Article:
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**11 - 18**of**18**### RIESZ OUTER PRODUCT HILBERT SPACE FRAMES: QUANTITATIVE BOUNDS, TOPOLOGICAL PROPERTIES, AND FULL GEOMETRIC CHARACTERIZATION

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### 1Near-Optimal Sensor Placement for Linear Inverse Problems

"... Abstract—A classic problem is the estimation of a set of parameters from measurements collected by few sensors. The number of sensors is often limited by physical or economical constraints and their placement is of fundamental importance to obtain accurate estimates. Unfortunately, the selection of ..."

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Abstract—A classic problem is the estimation of a set of parameters from measurements collected by few sensors. The number of sensors is often limited by physical or economical constraints and their placement is of fundamental importance to obtain accurate estimates. Unfortunately, the selection of the optimal sensor locations is intrinsically combinatorial and the available approximation algorithms are not guaranteed to generate good solutions in all cases of interest. We propose FrameSense, a greedy algorithm for the selection of optimal sensor locations. The core cost function of the algorithm is the frame potential, a scalar property of matrices that measures the orthogonality of its rows. Notably, FrameSense is the first algorithm that is near-optimal in terms of mean square error, meaning that its solution is always guaranteed to be close to the optimal one. Moreover, we show with an extensive set of numerical experi-ments that FrameSense achieves the state-of-the-art performance while having the lowest computational cost, when compared to other greedy methods. Index Terms—Sensor placement, inverse problem, frame po-tential, greedy algorithm. I.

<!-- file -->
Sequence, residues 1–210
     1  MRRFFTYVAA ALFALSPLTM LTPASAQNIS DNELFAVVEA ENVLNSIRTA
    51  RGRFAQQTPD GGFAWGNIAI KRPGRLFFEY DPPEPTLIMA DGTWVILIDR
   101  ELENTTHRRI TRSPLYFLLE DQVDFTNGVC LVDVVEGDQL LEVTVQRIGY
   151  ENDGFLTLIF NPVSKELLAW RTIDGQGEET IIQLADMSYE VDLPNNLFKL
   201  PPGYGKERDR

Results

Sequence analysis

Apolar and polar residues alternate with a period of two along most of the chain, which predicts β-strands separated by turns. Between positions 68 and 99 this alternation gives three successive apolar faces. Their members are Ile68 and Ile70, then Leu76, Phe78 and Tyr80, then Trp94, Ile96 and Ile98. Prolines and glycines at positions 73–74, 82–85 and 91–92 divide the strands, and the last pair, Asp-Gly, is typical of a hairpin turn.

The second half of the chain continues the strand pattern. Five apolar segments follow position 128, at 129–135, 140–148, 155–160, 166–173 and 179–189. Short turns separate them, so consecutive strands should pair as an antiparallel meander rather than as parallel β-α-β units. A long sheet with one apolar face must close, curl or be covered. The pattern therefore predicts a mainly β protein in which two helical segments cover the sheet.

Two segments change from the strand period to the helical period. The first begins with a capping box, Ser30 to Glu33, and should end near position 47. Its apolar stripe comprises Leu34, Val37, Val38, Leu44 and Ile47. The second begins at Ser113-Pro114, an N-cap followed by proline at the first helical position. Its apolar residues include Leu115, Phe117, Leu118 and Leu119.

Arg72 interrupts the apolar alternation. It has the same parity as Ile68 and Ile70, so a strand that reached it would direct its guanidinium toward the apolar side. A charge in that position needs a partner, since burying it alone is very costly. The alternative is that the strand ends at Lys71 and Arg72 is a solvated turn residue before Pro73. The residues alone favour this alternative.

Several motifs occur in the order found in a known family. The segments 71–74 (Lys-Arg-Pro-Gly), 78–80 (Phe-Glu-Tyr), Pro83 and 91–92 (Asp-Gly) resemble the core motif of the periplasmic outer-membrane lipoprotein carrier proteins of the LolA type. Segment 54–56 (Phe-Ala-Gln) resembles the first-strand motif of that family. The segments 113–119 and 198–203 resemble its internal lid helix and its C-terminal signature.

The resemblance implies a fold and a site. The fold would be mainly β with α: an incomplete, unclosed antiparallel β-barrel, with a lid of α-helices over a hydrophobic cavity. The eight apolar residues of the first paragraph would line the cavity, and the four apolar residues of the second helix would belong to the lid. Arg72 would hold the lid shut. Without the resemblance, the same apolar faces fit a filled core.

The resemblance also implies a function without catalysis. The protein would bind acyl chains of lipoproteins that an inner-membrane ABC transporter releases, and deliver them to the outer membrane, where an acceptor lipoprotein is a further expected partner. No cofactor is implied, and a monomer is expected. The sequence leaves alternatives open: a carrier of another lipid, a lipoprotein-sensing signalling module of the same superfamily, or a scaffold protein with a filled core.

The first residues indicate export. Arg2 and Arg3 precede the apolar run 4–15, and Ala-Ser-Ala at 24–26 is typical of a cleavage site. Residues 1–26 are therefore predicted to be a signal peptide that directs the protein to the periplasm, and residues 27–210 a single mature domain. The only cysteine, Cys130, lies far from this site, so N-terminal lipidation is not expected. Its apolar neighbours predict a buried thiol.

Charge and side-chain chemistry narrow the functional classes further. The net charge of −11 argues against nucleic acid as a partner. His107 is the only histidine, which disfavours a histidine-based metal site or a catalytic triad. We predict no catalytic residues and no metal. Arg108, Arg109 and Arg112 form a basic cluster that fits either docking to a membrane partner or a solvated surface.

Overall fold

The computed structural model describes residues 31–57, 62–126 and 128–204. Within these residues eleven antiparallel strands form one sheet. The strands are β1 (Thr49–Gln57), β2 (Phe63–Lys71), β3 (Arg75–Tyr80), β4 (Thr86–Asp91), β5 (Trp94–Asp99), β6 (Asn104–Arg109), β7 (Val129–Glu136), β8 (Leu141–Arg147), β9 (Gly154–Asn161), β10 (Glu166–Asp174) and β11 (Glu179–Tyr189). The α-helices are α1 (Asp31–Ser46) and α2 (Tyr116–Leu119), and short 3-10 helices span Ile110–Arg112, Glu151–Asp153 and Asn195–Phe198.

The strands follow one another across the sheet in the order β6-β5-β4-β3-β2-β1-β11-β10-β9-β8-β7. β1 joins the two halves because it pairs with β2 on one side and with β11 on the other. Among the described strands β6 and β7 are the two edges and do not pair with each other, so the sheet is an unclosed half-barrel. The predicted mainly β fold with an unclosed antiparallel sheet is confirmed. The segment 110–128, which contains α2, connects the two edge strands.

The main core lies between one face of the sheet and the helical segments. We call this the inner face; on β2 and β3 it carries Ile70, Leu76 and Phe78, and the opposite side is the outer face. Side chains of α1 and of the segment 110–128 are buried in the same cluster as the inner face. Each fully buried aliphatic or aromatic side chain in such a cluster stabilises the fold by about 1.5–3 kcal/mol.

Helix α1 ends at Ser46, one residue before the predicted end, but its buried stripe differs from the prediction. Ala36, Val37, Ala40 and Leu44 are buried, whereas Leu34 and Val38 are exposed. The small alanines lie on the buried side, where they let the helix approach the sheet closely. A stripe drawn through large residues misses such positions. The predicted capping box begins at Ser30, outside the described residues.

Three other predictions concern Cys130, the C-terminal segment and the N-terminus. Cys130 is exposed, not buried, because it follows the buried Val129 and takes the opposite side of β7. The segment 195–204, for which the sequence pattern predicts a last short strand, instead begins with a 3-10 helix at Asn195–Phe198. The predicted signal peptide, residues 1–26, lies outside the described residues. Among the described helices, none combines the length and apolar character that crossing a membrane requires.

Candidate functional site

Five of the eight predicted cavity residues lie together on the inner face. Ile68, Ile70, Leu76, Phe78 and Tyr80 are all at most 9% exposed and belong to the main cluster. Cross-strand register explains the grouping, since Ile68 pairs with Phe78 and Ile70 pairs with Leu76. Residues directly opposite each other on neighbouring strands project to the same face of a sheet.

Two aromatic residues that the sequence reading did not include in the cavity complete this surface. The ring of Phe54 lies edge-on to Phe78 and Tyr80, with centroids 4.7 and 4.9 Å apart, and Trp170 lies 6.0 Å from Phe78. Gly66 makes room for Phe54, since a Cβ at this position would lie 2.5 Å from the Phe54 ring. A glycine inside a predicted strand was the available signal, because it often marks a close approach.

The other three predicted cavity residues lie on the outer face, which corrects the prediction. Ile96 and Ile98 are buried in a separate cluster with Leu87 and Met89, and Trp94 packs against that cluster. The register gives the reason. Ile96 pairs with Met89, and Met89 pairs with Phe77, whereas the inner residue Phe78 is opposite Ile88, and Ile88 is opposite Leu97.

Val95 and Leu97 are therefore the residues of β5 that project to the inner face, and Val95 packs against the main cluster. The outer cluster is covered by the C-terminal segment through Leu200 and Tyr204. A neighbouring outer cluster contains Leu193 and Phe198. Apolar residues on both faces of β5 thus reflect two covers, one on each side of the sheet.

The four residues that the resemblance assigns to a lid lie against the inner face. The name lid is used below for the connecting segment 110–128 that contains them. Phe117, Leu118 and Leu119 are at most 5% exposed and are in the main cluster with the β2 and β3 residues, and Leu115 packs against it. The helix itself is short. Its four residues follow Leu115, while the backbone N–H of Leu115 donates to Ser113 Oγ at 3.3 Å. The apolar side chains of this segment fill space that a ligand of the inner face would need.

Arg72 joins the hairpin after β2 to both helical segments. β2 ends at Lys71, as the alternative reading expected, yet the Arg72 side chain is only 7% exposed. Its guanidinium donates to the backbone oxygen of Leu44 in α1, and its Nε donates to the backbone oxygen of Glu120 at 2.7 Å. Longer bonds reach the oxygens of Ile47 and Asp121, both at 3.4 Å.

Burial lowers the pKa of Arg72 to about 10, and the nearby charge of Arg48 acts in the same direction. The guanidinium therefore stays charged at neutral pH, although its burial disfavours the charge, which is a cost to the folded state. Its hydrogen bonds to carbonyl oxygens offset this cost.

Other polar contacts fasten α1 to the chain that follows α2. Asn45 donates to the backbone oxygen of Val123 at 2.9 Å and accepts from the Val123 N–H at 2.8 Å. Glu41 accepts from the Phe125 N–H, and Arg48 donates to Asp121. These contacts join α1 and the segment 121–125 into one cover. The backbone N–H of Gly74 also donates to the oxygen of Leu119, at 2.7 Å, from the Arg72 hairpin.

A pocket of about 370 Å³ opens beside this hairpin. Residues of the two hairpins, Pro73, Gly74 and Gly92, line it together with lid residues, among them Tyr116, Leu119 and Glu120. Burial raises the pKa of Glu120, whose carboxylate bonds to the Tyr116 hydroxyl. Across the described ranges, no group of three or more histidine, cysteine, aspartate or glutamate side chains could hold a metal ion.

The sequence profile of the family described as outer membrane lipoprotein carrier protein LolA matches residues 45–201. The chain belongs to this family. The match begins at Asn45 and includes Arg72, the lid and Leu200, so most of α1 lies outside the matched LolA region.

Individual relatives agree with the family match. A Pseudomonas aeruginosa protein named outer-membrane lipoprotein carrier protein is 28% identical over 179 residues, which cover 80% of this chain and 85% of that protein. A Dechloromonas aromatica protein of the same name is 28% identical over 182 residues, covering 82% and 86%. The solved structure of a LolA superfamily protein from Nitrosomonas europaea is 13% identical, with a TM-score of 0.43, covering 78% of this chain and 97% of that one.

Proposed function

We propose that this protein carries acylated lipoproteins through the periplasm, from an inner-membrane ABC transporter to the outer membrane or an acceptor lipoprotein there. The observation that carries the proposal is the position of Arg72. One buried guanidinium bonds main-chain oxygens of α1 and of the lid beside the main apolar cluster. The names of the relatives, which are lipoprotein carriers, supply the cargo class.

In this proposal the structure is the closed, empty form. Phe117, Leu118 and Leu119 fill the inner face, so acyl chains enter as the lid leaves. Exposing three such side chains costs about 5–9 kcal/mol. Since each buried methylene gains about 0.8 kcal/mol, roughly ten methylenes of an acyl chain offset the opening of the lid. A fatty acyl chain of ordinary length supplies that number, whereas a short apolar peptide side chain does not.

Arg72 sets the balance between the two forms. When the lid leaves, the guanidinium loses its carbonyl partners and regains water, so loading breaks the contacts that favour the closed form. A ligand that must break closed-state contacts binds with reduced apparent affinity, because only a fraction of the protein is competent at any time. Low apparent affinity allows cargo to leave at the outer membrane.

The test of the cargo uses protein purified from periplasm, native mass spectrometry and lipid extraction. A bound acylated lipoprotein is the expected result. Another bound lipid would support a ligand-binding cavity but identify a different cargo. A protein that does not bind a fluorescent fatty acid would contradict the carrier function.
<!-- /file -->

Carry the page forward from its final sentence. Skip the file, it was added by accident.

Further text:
### Optimal Deployment of Mobile Sensors for Target Tracking in 2D and 3D Spaces

"... Abstract: This paper proposes a control strategy to autonomously deploy optimal placements of range-only mobile sensors in 2D and 3D spaces. Based on artificial potential approaches, the control strategy is designed to minimize the inter-sensor and external potentials. The inter-sensor potential is ..."